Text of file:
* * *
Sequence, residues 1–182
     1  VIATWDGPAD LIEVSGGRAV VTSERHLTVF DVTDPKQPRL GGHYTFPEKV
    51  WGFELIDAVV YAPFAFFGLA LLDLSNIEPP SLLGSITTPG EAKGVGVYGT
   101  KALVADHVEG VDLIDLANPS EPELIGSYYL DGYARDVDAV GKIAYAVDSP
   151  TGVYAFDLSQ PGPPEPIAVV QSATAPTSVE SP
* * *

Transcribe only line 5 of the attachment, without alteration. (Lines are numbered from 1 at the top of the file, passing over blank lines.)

   151  TGVYAFDLSQ PGPPEPIAVV QSATAPTSVE SP